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April 5 - May 10, 2003 at DoubleVision Gallery, West Hollywood

by Margarita Nieto

“Remax/Ocotillo," 2003,
acrylic and mylar, 19 x 24".

“Remax/Encantada," 2003,
acrylic and mylar, 19 x 24".

“Remax/Miraleste," 2003,
acrylic and mylar, 19 x 24".

“Remax/Sky View," 2003,
acrylic and mylar, 19 x 24".

"Explaining colour words by pointing to coloured pieces of paper does not touch the concept of transparency. It is this concept that stands in unlike relations to the various colour concepts."
--Ludwig Wittgenstein, Remarks on Colour

"Painting has two weapons at her disposal: 1. Colour. 2. Form.”
--Wassily Kandinsky,
Concerning the Spiritual in Art

Color (and the transparency of color) and form stand out as primary references in these new works by Roland Reiss. New Landscape/Mylar Hybrids explores new territory in painting by an artist who has incessantly confronted the manifold possibilities of seeing, throughout a long and distinguished career as a practitioner and teacher.
The borders and limits of two-dimensional art resulted in Reiss turning to sculpture in 1969-70 and to a series of miniatures--three-dimensional figurative worlds encased in plexiglas boxes. These worlds, these illusionistic and representational "territories of life" initiated the process leading to the present works in that the artist began to confront the concept of representation. Eventually, in 1991, he turned again to painting and to the non-objective and the abstract, specifically to interrogate the space where the mind no longer creates a connection between the description and the object. The result was a series of paintings in which Reiss trowelled acrylic paint through thick stencils, leaving low-relief shapes on the canvas.

Two incidents however changed the course of the work. Reiss had began to notice the surface of the pieces of mylar he used to mix paint and the "accidental" mixture of colors and surfaces that remained on them. Almost simultaneously, he was drawn to real estate advertisements, miniscule landscapes of houses surrounded by trees, bushes, lawns and sky. The result was New Landscape/Mylar Hybrids.

New Landscape involves exploring the abyss between the image that emerges from the descriptive, and the image conceived without a prior reference. The making of the paintings is, in itself, a conscious search for that space and the mylar sheet is the materia prima. Painted with acrylic on both sides, the mylar is the physical space on which the elements of these paintings come together.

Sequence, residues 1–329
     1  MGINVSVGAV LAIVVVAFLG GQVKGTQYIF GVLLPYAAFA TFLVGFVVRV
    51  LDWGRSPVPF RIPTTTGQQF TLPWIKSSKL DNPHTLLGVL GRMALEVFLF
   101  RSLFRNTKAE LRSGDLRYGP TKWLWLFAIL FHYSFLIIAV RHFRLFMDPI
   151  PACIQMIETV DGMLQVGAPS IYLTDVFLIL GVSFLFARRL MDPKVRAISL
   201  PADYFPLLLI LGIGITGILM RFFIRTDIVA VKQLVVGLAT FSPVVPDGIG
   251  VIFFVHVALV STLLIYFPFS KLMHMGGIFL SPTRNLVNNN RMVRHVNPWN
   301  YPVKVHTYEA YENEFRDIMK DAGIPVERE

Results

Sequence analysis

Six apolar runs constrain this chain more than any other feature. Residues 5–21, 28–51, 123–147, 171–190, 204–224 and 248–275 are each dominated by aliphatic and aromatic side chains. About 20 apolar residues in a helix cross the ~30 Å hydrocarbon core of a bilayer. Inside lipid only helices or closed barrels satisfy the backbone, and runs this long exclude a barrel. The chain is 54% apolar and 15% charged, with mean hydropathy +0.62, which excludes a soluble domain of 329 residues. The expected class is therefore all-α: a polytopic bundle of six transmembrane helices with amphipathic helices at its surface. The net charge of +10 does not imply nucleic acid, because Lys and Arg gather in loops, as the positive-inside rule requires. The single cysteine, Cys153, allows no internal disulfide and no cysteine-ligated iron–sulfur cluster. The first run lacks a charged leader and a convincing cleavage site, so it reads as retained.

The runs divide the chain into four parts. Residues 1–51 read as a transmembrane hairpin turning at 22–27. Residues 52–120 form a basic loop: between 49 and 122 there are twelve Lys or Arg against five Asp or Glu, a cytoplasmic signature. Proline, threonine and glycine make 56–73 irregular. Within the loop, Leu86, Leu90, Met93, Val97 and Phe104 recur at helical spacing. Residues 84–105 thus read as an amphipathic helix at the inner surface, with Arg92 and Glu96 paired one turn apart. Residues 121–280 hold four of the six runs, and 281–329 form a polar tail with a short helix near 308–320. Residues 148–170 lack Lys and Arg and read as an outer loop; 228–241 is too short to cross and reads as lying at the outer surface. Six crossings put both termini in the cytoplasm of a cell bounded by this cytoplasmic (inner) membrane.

The act of painting the mylar is at times gestural, at other times controlled with geometric optical effects. The layering itself consists of placing inclusions under the metallic surface or on top of it. Initially, this process is purely and consciously non-objective. There is no descriptive reference point, with color and form serving as the sole the determinants. Common to all is a linear geometrical shape that signals an architectural association.

Color values are determined by underlying surfaces, whole sheets or units of color which heighten form even as the shimmering mylar effects a floating sensation. The palette itself ranges from black and white to soft then deeper pinks, then to lime greens and yellows, oranges, teals and deep blues.

The point of demarcation from the non-objective genesis of these images to their becoming charged with descriptive meaning and context comes about through their titles: Remax/Ocotillo, Remax/Encantada, or Remax/Skyview. These titles conceptualize the meaning of "landscape" through associations that the viewer has with the word-sign "Remax": "real estate," "house," "home," "place," “living space;" all experiential signifiers of comfort and security. That feeling is intensified through the layers of mylar, colored sheets and inclusions which imbue distance and perspective to the images. Through word-sign and distance, the viewer is invited to "see" clouds, trees, sky and buildings in these works.

In Remax/ Ocatillo, for example, broad, white, horizontal brushstrokes against black set off a precise black line drawing, enlivened in turn by small green floating shapes and a lighter, lime green circular swirl. Below, dots and traces of black emerge among cloud-like white blots and a pale pink haze disappears into the bottom edge of the painting.

In Remax/Encantada warm sunny blobs and progressions of oranges, yellows and greens of varying intensity shimmer through the mylar, a homage perhaps to the golden verdant California landscape. In Remax/Miraleste that sunniness is tempered by a black underlay which simultaneously enlivens the yellows and yellowish-greens, and the architectural reference which stands out in pink and red. But it is the transparent filmy glow and softness of the mylar that defines these works. Not surprisingly, that glow and tactile softness does not reproduce well in photographs or slides.

Turning from writing this piece, my eye catches today's real estate ads, and I am struck again at how we cling to a view of a "world as it is." How jolting and refreshing it is to grasp how Reiss opens up new territories, new landscapes for our eye.